What to Look for When Buying a Used Bike

Buying a used bike can be a good way to save money on a new biking investment, whether you’re looking for a slick brand-name bike that has all the bells and whistles or a used version of a cheaper bike just to get around town. Shopping for a used bike is similar to shopping for a new one, except that there are a few extra things to look for. Here’s what you need to know about buying a used bike:

Fit of the Bike

The absolute most important part of buying a bike – used or new – is the fit of the bike. The frame needs to fit you well, so that you can straddle the bike and have one to two inches to spare, have the seat at a comfortable height and angle, and put the handlebars at a comfortable height.

If you aren’t sure how to pick out a bike that fits you, talk to someone at your local bike shop. Even if you don’t plan to buy from the local bike shop, you can talk to them about how to choose a bike with a proper fit before you go shopping, and you may even find they’re worth considering, especially when you need to tweak your setup or for repairs.

Brand Name

Before you purchase a new bike, get familiar with some of the major brand names that you might be interested in. If you’re on a tight budget and just need a bike to get around town, a well-fitting bike by a cheaper brand name can be fine. These bikes tend to be heavier, have less features, and can still be long lasting.

Brand name bikes from higher quality brands are certainly more expensive, but they also tend to last longer, be made from lighter-weight metals, like carbon, and require less basic maintenance than their cheaper counterparts.

Before you buy a used bike, make sure you know what brand it is, and check out some reviews of the brand and style online to make sure you’re really getting a good value for your money.

Brakes

It’s important to check out not only the shape of the brakes on a used bike but also what type of brakes the bike has. V-brakes are the easiest to adjust and have the best braking power, and centre-pull brakes are the next best option. Side-pull brakes, more common on cheaper bikes, aren’t as high-quality and are harder to adjust, so it’s best to avoid these if possible. You’re more likely to find them on used bikes, too, since they used to be the norm for all bikes.

Reflectors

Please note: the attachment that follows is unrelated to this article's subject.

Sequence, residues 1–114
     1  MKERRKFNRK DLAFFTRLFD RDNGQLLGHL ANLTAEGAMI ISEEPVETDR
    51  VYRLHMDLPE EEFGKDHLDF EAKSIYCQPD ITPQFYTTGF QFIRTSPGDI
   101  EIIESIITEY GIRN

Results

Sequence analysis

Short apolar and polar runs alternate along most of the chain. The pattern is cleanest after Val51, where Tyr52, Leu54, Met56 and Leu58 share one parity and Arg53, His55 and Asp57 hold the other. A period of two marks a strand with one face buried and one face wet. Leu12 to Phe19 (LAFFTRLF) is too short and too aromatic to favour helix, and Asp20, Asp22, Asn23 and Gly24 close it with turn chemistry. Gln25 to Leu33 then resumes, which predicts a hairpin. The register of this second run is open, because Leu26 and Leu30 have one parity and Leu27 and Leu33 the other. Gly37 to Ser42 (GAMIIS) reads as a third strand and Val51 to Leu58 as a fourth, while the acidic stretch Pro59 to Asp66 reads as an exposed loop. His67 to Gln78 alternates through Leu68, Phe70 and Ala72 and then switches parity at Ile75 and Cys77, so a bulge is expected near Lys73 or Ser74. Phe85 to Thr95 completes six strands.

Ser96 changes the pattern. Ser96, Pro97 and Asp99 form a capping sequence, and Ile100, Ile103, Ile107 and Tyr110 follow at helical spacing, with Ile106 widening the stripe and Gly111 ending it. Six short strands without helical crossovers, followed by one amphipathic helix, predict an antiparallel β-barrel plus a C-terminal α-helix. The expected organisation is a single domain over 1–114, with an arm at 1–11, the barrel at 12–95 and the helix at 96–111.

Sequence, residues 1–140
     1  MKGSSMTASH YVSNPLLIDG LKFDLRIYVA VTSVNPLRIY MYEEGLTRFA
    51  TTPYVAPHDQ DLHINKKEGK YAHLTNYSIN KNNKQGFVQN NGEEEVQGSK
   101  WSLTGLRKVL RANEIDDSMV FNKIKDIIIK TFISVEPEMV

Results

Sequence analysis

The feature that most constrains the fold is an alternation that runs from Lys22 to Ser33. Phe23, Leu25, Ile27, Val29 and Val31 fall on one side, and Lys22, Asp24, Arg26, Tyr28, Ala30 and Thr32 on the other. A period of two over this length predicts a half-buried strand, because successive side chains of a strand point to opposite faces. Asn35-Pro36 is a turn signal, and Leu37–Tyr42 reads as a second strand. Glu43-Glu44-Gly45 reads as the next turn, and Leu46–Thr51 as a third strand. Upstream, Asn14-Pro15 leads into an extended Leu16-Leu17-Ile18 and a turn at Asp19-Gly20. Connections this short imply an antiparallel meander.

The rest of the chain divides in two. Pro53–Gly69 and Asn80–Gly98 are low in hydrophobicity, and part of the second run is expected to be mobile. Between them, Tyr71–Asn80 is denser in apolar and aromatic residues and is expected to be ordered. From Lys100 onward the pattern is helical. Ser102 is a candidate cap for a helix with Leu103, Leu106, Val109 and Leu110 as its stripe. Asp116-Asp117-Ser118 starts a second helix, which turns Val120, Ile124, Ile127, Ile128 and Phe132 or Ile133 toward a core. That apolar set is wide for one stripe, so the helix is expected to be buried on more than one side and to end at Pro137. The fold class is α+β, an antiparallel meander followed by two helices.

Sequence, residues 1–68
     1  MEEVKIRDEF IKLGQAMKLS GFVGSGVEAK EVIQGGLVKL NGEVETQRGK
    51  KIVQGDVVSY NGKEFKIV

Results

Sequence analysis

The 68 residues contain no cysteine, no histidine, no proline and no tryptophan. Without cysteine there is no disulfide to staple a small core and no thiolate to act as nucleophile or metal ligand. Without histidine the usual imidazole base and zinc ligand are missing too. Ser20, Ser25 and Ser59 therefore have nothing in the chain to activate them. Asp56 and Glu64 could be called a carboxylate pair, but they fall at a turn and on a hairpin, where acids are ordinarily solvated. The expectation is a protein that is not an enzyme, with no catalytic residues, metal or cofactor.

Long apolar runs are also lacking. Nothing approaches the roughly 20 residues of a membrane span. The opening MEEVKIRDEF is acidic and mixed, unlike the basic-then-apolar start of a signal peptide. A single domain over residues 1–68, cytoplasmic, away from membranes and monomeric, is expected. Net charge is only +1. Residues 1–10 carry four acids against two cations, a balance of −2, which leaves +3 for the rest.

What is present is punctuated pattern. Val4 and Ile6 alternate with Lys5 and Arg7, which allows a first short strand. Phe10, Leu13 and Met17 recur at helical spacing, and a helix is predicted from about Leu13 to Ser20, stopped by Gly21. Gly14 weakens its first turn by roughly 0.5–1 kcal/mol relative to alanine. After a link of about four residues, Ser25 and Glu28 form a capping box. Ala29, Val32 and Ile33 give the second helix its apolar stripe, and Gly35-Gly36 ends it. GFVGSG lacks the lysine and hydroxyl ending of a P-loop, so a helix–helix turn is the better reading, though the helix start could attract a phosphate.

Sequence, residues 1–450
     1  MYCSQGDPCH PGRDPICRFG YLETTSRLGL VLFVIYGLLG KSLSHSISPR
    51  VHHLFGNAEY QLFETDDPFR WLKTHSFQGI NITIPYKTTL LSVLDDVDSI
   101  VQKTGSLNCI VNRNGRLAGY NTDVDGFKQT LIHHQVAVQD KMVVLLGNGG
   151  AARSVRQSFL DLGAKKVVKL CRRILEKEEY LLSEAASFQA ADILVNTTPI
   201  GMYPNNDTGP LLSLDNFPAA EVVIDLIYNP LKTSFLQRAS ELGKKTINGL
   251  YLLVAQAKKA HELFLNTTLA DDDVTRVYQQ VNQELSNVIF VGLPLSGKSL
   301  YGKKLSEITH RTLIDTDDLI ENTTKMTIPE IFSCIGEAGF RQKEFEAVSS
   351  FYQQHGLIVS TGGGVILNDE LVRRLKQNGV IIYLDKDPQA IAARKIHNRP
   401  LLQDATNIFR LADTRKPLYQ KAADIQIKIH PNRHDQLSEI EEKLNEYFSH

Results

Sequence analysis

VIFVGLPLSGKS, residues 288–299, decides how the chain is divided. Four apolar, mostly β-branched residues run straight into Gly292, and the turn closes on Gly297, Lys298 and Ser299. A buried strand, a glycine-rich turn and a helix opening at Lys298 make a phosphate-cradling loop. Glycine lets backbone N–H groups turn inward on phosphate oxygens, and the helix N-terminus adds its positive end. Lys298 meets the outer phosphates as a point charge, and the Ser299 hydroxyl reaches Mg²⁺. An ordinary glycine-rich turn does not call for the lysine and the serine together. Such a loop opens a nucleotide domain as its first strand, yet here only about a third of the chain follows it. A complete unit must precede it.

All new bikes are going to come with basic safety gear, including reflectors on the front and back wheel. Check that your new-used bike has reflectors. If not, you’ll need to install them on your own. You may also want to look for front and rear lights if you’re planning to use your bike at night.

Necessary Work

All bikes require some maintenance as you go along, but a used bike might require serious maintenance from the start. There are several basic maintenance issues to check for right away, including the following:

  • Do the tyres need air? Unless the bike’s previous owner has been riding the bike regularly, you’ll probably need to put air in the tyres.
  • Does the chain need to be oiled? Use a good bike lube from a bike shop to oil the chain when it needs it.
  • Do the brakes need to be adjusted? Make sure the brake pads aren’t rubbing against the wheel rim, which can slow you down. Make sure you know how to adjust the brakes on the bike before you buy it.
  • Do the tyres need to be replaced? If you’re planning to use your bike mainly for riding on the road, be sure it has smooth tyres, which will go faster and require less effort when pedalling.
  • Does it need more serious maintenance? If you’re buying a high-quality bike, it’s probably worth the investment to have it checked out in a bike shop. A tune-up can ensure that your bike has steady wheels that run straight and can also ensure that your bike isn’t about to come apart because of being improperly assembled.

Bike riding is an excellent way to get around town and to enjoy some exercise, and as common as it is around Europe, finding a decent used bike isn’t too difficult. Before you buy your used bike, though, make sure you check for all the points discussed here to ensure that your bike is a good investment.

Payment Options

Often, you’ll need to pay for a used bike with cash, particularly if you’re buying it from an individual seller. Some bike shops, though, will sell used bikes and take credit cards. If you’re searching for a more expensive bike and will need to use credit to purchase it and to make it more affordable, you may want to check out bike shops that offer used selections.

Like many cyclists, I've been riding since I was very young and despite now being less-young, I love it just as much. I've done my time on road bikes, have cycled throughout the UK, including Lands End to John O' Groats (yes, uphill!) and now have fun on a mountain bike, in the hills and doing charity bike rides.